Monday, August 10, 2015

Giftedness, ADHD, Twice Exceptionality, More

GROWING OUT OF ADHD. A UK study indicates that children with higher IQs are more likely to be in the group that "grows out" of ADHD. It's of note (to us, anyway) that the researchers were apparently measuring inattention rather than hyperactivity. The researcher wonder if cognitive training and neurofeedback might help kids with ADHD grow out of it. Read more.

GIFTED IN MINNESOTA. If you're a gifted child in Minnesota, you might consider yourself lucky to attend Minnetonka Public School #276 with its Navigator Program. For kids with an IQ of at least 140 the program provides challenge and community. Social/emotional development is also attended to. Read more.

GIFTED IN SOUTH DAKOTA. If you're a gifted child in South Dakota, you might consider yourself lucky to attend the annual one-week Governors Camp for the Gifted. According to one participant in the program, "For one week of the year, gifted children get to live, learn, grow and cry together. For one week a year, gifted children get to be accepted for who they are." The writer thinks the state could do better for its gifted students. Read more.

IRATE PARENT OF GIFTED CHILD writes, "Children who have a disability and are also smart are called twice exceptional, a term that makes me want to punch something." The child in question is five years old, gifted, and legally blind, but cannot get accommodations she has no "developmental delay." Read the story if you like long tales of travail and battles with the school system.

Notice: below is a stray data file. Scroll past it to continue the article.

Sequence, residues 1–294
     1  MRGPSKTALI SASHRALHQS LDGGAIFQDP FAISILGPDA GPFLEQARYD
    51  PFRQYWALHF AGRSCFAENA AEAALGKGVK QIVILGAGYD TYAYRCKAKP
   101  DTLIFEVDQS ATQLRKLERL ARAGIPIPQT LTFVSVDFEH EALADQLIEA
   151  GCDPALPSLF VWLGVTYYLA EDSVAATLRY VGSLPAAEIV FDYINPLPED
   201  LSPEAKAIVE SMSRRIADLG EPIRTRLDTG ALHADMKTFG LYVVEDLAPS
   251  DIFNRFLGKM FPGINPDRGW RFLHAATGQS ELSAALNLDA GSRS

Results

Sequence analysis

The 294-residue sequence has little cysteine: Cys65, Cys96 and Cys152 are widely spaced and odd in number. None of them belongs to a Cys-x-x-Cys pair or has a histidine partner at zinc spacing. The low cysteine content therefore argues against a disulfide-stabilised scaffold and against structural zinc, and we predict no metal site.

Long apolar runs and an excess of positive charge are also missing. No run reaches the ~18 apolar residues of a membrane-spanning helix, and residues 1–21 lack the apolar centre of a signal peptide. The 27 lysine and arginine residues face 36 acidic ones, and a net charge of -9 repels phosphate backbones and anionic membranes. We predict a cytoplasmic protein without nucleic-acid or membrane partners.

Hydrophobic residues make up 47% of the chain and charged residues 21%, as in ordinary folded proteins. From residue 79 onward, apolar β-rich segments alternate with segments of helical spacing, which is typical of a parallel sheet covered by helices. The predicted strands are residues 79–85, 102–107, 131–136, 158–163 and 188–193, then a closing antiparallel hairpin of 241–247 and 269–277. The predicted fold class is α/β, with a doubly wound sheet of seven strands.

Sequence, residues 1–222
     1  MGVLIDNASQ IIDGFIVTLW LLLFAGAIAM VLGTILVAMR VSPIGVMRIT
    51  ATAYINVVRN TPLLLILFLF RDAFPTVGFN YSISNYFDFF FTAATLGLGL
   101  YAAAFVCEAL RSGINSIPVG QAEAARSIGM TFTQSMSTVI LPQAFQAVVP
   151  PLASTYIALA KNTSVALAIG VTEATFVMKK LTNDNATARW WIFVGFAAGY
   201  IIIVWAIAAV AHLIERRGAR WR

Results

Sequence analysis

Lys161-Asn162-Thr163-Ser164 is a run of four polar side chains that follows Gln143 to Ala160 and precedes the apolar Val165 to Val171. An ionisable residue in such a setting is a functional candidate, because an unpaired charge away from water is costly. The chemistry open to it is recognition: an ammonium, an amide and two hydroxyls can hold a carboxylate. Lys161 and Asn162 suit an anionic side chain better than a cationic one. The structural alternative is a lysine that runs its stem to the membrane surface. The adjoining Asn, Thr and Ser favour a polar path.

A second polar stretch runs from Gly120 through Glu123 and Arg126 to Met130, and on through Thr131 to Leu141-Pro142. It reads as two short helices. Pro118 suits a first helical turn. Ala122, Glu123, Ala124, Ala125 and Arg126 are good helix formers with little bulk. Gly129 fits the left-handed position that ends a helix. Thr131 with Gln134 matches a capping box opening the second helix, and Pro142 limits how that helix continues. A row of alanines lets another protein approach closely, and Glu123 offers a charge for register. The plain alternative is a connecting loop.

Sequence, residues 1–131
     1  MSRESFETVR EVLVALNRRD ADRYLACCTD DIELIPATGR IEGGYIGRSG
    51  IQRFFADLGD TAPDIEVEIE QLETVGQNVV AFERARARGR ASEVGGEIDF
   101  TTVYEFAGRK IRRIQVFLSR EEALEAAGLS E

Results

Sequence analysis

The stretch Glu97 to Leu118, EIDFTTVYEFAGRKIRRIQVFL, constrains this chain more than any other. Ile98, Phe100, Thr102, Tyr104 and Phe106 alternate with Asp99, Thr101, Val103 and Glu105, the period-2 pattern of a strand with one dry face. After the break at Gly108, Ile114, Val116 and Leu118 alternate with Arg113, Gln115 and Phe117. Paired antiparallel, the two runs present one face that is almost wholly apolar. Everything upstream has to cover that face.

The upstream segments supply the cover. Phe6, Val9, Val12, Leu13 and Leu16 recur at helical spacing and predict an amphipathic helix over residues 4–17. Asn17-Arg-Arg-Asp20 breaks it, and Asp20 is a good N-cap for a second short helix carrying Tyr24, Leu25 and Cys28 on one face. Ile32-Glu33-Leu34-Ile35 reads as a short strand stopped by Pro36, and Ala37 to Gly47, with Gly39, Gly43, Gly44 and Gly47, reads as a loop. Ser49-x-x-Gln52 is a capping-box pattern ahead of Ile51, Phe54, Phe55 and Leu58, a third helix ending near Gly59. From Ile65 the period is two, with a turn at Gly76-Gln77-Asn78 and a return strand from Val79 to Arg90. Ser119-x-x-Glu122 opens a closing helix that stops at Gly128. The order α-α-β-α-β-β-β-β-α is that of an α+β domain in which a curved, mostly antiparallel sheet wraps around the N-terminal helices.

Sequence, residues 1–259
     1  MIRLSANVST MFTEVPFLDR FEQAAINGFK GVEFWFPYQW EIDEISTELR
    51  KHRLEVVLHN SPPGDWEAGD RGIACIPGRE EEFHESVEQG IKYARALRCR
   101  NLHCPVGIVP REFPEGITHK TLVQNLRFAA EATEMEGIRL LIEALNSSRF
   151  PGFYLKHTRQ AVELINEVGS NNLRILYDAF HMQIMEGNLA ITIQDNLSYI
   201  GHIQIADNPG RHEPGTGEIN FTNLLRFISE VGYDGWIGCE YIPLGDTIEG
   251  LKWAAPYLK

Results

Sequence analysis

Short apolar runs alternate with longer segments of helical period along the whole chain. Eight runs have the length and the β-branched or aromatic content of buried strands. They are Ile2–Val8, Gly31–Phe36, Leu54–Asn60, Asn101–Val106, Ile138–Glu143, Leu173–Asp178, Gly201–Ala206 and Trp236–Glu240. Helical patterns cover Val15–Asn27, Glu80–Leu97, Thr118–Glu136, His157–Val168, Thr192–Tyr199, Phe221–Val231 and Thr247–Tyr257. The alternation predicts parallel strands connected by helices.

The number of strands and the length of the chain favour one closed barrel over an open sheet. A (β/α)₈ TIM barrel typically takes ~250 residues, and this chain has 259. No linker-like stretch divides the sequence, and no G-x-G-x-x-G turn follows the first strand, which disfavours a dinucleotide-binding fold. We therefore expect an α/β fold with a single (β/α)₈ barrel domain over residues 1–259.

THERE ARE MORE THAN 1,000 GENE MUTATIONS that cause autism. Researchers at the University of North Carolina have now explained how one such mutation can actually disrupt normal brain development and cause symptoms of autism. What's more, a drug exists that could potentially control the maladaptive mechanism present with this particular mutation. Find out more.

DID YOU READ TO YOUR KIDS? Good for you -- MRI scans now prove that such activity has benefits that include better language skills. Kids who are regularly read to have more activity in a brain region that does "semantic processing." Read more.

INTEGRATED HEALTH CARE for mental health issues in children and adolescents boosts the likelihood of a successful treatment outcomes. The combination of care from a mental health care professional along with attention from a pediatrician or primary care physician apparently helps treatment of a wide array of disorders commonly affecting young people. Find out more.

SENGINAR. On August 27th the organization Supporting Emotional Needs of the Gifted has scheduled a webinar titled "Tips for Helping Gifted Teens and Kids Cope with Trauma." The presenter is Sharon Barnes. Find out more.

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